Is there a scent more pleasant than freshly baked bread wafting through the house? Though there are countless varieties of bread out there, when baking a simple loaf, there are a lot of rules. By using the wrong quantity of ingredients or handling the dough incorrectly, it can ruin the entire recipe. This makes the idea of baking bread intimidating for many people, even some seeking their online culinary certificate. While baking the perfect loaf of bread can certainly be intense, by following these few tips, you’ll be sure to become an expert in no time:
Don’t skip proofing
Proofing your yeast is essential to ensuring that it’s alive. It’s not particularly time consuming, but many people don’t consider it to be a crucial step and breeze right past it. If your yeast hasn’t expired yet, chances are it’s good to go, but it never hurts to be sure. When your yeast is alive, it eats sugar and emits carbon dioxide – which causes your bread to rise. To make sure your yeast is working effectively, follow these steps laid out by The Kitchn:
- Measure out the amount of yeast and water needed in your recipe. Make sure the water is lukewarm – between 75 and 80 degrees.
- Pour the yeast in the water, along with a dash of sugar. When the yeast is released, it’ll begin to eat the sugar and foamy bubbles will develop on the surface of the water. This means the yeast is active and will cause your bread to rise. If there are no bubbles or foam after about 10 minutes, you’ll need new yeast to make bread.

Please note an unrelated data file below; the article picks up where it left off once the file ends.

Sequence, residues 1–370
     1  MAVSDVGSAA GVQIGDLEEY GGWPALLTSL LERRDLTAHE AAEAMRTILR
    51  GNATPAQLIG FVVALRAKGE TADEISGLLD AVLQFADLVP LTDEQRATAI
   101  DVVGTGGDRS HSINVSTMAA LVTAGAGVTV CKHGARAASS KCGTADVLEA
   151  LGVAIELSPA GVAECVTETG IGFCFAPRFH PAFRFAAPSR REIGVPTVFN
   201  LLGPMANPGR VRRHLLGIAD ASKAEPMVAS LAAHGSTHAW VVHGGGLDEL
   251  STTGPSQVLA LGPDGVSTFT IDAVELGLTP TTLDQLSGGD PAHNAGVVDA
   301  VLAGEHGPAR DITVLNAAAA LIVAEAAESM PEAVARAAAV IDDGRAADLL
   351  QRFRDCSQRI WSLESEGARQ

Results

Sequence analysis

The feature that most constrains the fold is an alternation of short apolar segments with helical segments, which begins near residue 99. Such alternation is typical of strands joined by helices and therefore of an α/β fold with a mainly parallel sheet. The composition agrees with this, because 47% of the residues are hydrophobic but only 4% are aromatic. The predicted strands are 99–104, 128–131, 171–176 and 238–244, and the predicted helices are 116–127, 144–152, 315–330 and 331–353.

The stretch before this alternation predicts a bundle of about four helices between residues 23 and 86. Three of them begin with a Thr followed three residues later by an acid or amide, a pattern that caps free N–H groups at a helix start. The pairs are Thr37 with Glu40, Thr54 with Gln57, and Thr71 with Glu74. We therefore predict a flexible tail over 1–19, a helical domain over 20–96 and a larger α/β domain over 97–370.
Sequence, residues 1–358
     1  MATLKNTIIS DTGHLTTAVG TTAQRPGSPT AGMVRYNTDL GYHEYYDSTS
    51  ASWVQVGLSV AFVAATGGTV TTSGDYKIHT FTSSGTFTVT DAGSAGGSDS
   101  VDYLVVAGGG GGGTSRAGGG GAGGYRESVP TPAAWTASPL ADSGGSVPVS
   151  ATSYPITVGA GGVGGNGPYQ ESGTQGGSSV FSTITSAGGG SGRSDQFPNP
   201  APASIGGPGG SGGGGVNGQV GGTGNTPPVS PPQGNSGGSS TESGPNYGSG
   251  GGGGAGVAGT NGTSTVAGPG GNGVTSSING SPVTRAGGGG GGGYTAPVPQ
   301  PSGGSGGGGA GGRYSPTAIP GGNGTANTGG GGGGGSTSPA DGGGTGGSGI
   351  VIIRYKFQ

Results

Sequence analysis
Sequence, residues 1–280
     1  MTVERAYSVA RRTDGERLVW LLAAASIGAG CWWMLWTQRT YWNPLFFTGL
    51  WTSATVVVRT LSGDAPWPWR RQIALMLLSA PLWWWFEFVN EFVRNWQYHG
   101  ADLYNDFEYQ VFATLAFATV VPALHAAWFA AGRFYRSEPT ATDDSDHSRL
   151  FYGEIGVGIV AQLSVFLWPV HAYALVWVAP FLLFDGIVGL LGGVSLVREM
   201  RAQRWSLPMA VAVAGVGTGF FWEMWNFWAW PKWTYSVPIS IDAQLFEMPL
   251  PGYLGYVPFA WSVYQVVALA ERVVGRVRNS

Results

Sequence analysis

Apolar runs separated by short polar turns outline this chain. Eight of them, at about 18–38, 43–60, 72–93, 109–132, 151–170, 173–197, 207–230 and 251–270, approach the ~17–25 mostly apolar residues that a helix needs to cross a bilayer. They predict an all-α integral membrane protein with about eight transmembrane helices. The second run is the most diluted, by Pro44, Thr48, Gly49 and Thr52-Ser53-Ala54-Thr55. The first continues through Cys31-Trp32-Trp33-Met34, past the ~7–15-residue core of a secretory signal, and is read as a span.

Some bread recipes, however, call for mixing all of the ingredients together and then adding water. If this is the case, simply use a small portion of water and yeast at the same ratio to test it, and toss it when you’ve seen that it’s alive.
Don’t use more flour than you need
Too much flour in a loaf of bread causes the bread to be dense instead of light and fluffy. Not only is it advisable to ensure you’re not using too much flour by using a kitchen scale as opposed to a measuring cup. With measuring cups, it’s too easy to over or underfill it with flour, due to the fact that it packs. Many recipes will also advise you to knead the dough on a floured surface, with floured hands. However, this could contribute to an over-floured loaf that turns out too dense. Instead, opt for a misting of olive oil on your hands and on the counter to keep the dough from being too sticky. If any dough sticks to your hands or to the counter, simply scrape it off and add it back to the dough ball.
Store it correctly
It’s no surprise that freshly baked bread stales much quicker than the bread you’d get from the grocery store that’s loaded with preservatives to keep it soft. In fact, you’ll probably notice your once fluffy bread getting hard within just a day or two of slicing. To ensure you get to enjoy your entire loaf, you’ll want to store it in the freezer after a day. By pre-slicing and wrapping it up before freezing it, you can get weeks out of your bread – if you don’t finish it quicker than that! According to Reluctant Gourmet, you can toast and even make sandwiches on frozen bread, and it’ll most likely be thawed by lunchtime.